outlineI do a basic broad outline, a framework to hang the story on. It will be something like “Rafe crashes and his eyes are affected, get him back to Londonium. House hostel. Encounter with Edward Fairfax at upmarket molly house, Margrethe’s. A bit of sex. Finds the coffee house – meets Mr. Pearse and Sir Tane. Meets Daniel Meredith. More sex. Christmas at Stravaigor House. Eye surgeon. Garrads – sell jewels. Buy coffee house. Daniel’s reaction. Edward’s return = Ned Winter. Fight. Ned and Rafe learn to be friends. Wedding. Peter back from China? Fallout of them finding Ned is First Heir Gallowglass…” and so on. While some of this may be tentatively assigned to chapters, its really very flexible and things get moved around a lot. Basically, I know the destination, but diversions en route are perfectly fine.

Before I write a word, the story has to have a title that means something to the plot and Suave1people, and to the world I’m building. Sometimes the title shifts, but mostly I end with the one I started with. And when that’s fixed, I have to find pictures. You know how people say they’re a ‘words person’ or a ‘visuals person’? I’m both. I have to find images of people who can ‘be’ Rafe and Ned in my imagination, or will be Bennet and Flynn; and then all the world-building pictures need to be sourced and, you know, you sit there thinking “Oh thank you, God, for inventing Pinterest! Thank you!” And from those pictures come story headers, or composite pictures with quotes from the text that I just happen to find a little bit inspiring. I probably spend a good day or two at the beginning sorting out the images. I find it incredibly exciting to see a picture and squeal “Oh, it’s Bennet! That’s Bennet!” and it sends me rushing back to the writing, refreshed.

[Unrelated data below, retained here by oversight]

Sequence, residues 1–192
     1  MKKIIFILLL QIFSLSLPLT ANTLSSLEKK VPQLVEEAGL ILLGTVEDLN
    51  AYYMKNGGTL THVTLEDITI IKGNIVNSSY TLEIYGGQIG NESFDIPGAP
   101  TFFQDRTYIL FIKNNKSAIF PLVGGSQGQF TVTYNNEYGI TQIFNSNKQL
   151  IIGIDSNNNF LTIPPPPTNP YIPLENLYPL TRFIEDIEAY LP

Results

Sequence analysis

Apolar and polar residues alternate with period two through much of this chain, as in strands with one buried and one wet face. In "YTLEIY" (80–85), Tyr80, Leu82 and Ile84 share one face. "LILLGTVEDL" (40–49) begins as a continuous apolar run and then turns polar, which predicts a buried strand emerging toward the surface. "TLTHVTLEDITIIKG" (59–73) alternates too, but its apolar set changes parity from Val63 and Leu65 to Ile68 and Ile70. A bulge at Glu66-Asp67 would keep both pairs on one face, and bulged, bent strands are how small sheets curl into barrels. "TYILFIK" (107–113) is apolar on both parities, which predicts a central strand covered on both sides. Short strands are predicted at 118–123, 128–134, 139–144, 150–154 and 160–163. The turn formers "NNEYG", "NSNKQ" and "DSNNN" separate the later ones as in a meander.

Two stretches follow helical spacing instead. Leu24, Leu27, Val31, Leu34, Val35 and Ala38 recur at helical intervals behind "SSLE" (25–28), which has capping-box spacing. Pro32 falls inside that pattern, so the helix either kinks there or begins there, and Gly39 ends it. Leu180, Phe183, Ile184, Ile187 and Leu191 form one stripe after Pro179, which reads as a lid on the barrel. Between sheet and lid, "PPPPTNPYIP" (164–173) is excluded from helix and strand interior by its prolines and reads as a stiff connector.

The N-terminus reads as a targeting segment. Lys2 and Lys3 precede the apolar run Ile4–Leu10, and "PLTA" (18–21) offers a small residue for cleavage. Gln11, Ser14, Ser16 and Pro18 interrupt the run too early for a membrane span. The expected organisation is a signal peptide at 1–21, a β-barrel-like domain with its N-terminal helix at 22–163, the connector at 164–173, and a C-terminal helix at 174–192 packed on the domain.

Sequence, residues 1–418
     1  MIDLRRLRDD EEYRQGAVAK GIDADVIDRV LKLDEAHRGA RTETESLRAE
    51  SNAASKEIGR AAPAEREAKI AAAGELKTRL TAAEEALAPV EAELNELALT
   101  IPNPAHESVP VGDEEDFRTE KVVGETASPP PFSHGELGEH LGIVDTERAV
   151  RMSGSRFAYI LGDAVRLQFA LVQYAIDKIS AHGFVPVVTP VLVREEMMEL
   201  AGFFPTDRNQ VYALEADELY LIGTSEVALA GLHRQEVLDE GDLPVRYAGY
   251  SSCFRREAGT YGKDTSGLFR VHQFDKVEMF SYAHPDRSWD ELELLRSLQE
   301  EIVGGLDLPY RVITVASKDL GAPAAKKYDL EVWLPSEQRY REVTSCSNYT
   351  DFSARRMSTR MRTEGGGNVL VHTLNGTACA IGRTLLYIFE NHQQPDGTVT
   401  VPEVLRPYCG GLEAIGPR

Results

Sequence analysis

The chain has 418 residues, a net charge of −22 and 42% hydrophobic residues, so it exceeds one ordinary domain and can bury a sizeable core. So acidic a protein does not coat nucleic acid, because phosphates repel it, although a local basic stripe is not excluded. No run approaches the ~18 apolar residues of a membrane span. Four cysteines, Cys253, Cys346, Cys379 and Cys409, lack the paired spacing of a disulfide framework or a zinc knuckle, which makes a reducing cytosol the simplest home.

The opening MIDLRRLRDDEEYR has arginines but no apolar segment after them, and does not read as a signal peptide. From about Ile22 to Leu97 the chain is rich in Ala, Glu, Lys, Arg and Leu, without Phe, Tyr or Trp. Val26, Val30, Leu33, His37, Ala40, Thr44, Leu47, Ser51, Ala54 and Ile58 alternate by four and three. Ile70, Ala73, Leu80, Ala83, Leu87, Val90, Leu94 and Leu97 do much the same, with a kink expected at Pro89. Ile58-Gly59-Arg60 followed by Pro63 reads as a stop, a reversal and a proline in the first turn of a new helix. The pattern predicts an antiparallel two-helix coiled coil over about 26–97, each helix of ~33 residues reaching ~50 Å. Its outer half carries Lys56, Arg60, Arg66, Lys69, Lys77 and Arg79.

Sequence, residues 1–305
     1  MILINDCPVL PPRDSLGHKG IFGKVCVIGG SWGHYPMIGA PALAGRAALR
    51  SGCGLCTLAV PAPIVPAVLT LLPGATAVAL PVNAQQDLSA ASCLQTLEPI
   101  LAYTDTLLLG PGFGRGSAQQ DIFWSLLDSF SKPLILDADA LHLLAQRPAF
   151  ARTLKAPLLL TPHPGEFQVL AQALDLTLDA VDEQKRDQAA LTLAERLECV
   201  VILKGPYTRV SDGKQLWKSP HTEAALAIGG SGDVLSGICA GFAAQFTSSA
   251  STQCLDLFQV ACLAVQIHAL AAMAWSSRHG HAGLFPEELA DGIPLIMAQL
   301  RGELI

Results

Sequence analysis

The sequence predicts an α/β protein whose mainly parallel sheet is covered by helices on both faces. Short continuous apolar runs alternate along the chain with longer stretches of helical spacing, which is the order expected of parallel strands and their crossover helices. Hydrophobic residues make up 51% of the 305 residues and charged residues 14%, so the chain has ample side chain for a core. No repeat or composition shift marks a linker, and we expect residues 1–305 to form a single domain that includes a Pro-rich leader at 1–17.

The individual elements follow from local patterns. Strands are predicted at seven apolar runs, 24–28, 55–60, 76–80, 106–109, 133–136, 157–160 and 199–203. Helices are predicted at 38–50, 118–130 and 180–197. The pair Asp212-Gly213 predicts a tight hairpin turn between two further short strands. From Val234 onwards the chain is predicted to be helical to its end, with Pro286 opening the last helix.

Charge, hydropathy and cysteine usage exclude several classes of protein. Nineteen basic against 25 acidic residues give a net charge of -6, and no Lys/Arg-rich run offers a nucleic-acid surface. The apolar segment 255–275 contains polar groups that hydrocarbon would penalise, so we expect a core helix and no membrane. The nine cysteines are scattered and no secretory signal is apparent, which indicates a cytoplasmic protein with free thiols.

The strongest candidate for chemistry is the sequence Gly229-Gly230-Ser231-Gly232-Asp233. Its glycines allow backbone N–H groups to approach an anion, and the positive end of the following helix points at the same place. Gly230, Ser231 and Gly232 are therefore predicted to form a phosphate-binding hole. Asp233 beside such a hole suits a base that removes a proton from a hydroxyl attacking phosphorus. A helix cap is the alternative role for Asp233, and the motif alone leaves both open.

13161648a04ed3e2c928ab8827dfd43a(Matt Bomer, if you’re wondering. He’s so Bennet, it’s scary.)

I research a lot and I push all that into world building notes. Shield and Scarab each have a folder full of pictures and ‘notes to self’. Every single Fleet dreadnought in Shield is named in that folder, even if there’s only ever half of them mentioned in the story. I have notes on the Convocation Houses in Gilded Scarab and which of the Minor Houses are allied to them, and again only about half are ever mentioned. The folders have pictures and character notes, timelines, glossaries on steampunk terms or coffee making, a list of campaign and bravery medals for Shield, a history of Harrads… Bottom line, I’m a geek. I like background *stuff*.

Finally I start writing. I recently switched to using Scrivener and love it. It’s perfect for focusing on a chapter at a time and stops me from the old compulsive thing I had about going right back to page one every time I opened up a document and rereading and tinkering what I’d already done, rather than forging on and slapping the words down for editing later. It’s a great programme. And it amuses me no end that one of the people in Gilded Scarab is The Scrivener.

Life and art, people. They’re the same thing.

 My lovely writing assistant
And I should acknowledge Molly, who likes to keep me company while I write. Molly in ‘her’ chair in a corner of my study: